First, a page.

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I've been learning bash job control (e.g. here, here), but a simple example I made has confounded me:

rm tmp
for i in {1..30}; do 
   echo $i | tee -a tmp   #display counter and write it to log tmp
   sleep 1
done

If this is put in a script, and that script is run, then job control operations work as I'd expect and as I've read. For instance:

echo 'rm tmp; for i in {1..30}; do echo $i | tee -a tmp; sleep 1; done' > tmpscript.sh
chmod u+x tmpscript.sh
./tmpscript.sh
#start to see counting output
#now, type Ctrl z to suspend the script
#and verify the it's paused: 
tail tmp
#looks good, let's resume: 
fg
#and counting continues in the foreground

However, if the contents of tmpscript.sh are instead run at the command line, i.e. as rm tmp; for i in {1..30}; do echo $i | tee -a tmp; sleep 1; done, things get a little weird.

rm tmp; for i in {1..30}; do echo $i | tee -a tmp; sleep 1; done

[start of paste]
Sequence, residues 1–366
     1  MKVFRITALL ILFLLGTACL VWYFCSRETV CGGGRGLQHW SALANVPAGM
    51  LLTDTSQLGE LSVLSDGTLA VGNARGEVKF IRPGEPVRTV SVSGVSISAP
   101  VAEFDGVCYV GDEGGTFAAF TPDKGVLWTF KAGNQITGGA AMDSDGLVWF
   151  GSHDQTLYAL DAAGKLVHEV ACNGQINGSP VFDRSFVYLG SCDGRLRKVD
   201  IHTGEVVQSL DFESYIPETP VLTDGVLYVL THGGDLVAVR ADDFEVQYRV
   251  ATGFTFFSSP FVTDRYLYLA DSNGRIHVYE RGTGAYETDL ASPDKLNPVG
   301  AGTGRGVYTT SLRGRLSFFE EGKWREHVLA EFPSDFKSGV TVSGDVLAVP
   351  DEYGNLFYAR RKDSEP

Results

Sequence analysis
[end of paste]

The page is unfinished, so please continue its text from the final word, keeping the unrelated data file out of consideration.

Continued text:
#counting begins, so far so good
#now, type Ctrl z to suspend the script
#and verify the it's paused: 
tail tmp
#looks good, let's resume: 
fg
#the sleep command resumes, then it returns to the command prompt
#The rest of the for loop doesn't go, which we can verify: 
tail tmp

I interpret this as the suspend operation suspends whichever part of the command sequence is going on when you type Ctrl z, which is almost certainly the sleep. That makes sense. However, why is it that when you resume via fg, the rest of the sequence does not continue? My understanding is that it is because each command (in this case, sleep) counts as a single job. But, where does the rest go? Is there a way to suspend/continue (or do other job control operations on) the whole command sequence?

migrated from stackoverflow.com May 6 at 17:09

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  • 1
    In an interactive shell, each command is a separate job. echo $i | tee -a tmp is one job, sleep 1 is another. The bash script is not an interactive shell, the entire script invocation is a single job to the original shell. – Barmar Apr 18 at 16:08

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